The Schoolmaster and Other Stories
KRATEROV, the titular councillor, as thin and slender as the Admiralty spire, stepped
forward and, addressing Zhmyhov, said:
"Your Excellency! Moved and touched to the bottom of our hearts by the way you have
ruled us during long years, and by your fatherly care. . . ."
"During the course of more than ten years. . ." Zakusin prompted.
"During the course of more than ten years, we, your subordinates, on this so memorable
for us . . . er . . . day, beg your Excellency to accept in token of our respect and profound
gratitude this album with our portraits in it, and express our hope that for the duration of
your distinguished life, that for long, long years to come, to your dying day you may not
abandon us. . . ."
"With your fatherly guidance in the path of justice and progress. . ." added Zakusin,
wiping from his brow the perspiration that had suddenly appeared on it; he was evidently
longing to speak, and in all probability had a speech ready. "And," he wound up, "may
your standard fly for long, long years in the career of genius, industry, and social self-
A tear trickled down the wrinkled left cheek of Zhmyhov.
"Gentlemen!" he said in a shaking voice, "I did not expect, I had no idea that you were
going to celebrate my modest jubilee. . . . I am touched indeed . . . very much so. . . . I
shall not forget this moment to my dying day, and believe me . . . believe me, friends, that
no one is so desirous of your welfare as I am . . . and if there has been anything . . . it was
for your benefit."
Zhmyhov, the actual civil councillor, kissed the titular councillor Kraterov, who had not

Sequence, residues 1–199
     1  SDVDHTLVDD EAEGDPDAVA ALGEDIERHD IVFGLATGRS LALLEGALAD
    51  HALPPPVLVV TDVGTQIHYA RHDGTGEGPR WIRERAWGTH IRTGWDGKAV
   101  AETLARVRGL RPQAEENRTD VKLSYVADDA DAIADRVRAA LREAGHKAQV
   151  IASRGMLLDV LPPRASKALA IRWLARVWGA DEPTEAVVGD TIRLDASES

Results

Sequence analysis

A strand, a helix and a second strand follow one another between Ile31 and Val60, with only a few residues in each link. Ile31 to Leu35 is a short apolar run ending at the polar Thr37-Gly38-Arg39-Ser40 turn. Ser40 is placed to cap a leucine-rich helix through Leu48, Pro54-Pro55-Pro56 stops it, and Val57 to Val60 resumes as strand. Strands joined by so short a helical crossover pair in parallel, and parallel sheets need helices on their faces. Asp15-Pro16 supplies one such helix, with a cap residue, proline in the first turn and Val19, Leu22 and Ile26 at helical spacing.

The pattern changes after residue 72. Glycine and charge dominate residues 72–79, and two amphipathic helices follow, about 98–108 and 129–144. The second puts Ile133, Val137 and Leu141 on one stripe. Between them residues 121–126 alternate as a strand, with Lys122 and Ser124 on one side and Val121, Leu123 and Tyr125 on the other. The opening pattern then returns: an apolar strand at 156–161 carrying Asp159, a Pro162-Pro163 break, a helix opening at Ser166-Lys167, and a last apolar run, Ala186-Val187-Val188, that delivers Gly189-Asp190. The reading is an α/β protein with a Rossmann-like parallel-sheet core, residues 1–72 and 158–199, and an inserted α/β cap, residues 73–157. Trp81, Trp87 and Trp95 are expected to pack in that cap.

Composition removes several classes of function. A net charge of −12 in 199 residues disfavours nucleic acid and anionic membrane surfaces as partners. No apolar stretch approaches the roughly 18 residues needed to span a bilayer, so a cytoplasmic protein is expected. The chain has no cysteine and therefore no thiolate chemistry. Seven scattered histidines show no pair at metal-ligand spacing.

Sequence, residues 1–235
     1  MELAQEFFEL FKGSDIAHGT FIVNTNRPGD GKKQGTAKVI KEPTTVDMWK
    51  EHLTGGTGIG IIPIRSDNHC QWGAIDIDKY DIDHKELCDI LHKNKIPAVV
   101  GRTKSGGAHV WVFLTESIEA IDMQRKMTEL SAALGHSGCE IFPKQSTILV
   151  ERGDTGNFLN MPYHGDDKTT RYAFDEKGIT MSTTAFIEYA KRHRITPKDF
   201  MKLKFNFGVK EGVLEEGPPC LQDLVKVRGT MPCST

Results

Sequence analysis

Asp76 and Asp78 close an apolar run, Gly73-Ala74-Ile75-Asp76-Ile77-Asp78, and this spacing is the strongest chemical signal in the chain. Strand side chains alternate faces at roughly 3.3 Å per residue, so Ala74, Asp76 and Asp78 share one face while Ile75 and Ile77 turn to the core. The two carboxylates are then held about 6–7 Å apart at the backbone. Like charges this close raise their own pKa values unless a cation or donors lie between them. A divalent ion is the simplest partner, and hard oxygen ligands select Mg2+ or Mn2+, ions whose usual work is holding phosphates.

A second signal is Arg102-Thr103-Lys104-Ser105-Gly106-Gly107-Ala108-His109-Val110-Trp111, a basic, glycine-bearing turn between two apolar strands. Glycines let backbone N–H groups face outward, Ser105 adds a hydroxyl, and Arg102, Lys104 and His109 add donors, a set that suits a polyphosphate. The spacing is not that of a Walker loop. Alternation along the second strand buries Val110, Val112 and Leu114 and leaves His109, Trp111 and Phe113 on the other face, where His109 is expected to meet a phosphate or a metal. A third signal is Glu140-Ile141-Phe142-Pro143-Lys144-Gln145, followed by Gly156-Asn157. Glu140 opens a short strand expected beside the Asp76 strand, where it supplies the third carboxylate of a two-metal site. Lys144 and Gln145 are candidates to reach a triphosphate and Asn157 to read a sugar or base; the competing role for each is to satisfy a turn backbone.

expected such an honour, and turned pale with delight. Then the chief made a gesture that
signified that he could not speak for emotion, and shed tears as though an expensive
album had not been presented to him, but on the contrary, taken from him . . . . Then
when he had a little recovered and said a few more words full of feeling and given
everyone his hand to shake, he went downstairs amid loud and joyful cheers, got into his
carriage and drove off, followed by their blessings. As he sat in his carriage he was aware
of a flood of joyous feelings such as he had never known before, and once more he shed
At home new delights awaited him. There his family, his friends, and acquaintances had
prepared him such an ovation that it seemed to him that he really had been of very great
service to his country, and that if he had never existed his country would perhaps have
been in a very bad way. The jubilee dinner was made up of toasts, speeches, and tears. In
short, Zhmyhov had never expected that his merits would be so warmly appreciated.